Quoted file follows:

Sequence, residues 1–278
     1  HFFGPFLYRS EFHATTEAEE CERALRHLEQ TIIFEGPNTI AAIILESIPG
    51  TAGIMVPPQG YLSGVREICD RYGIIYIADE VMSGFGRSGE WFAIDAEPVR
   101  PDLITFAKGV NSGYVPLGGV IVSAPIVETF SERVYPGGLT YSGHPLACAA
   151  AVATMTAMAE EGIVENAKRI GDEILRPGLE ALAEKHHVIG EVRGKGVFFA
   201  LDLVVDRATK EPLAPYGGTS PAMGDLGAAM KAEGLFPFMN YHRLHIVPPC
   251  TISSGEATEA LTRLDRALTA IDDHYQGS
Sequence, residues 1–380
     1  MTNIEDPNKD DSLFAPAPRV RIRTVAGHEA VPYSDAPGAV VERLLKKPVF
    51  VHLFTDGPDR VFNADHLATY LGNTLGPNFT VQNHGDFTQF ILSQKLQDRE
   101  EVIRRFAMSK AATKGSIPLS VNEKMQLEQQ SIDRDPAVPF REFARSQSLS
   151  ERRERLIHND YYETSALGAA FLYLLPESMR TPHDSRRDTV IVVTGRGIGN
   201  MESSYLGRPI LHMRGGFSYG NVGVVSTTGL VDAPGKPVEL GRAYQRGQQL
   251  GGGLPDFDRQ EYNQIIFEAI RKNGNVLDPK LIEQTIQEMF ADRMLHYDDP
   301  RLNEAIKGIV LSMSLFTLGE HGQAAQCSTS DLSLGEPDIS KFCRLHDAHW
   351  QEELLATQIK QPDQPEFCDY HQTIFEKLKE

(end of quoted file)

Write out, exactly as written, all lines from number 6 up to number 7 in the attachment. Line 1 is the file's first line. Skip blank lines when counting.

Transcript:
   201  LDLVVDRATK EPLAPYGGTS PAMGDLGAAM KAEGLFPFMN YHRLHIVPPC
   251  TISSGEATEA LTRLDRALTA IDDHYQGS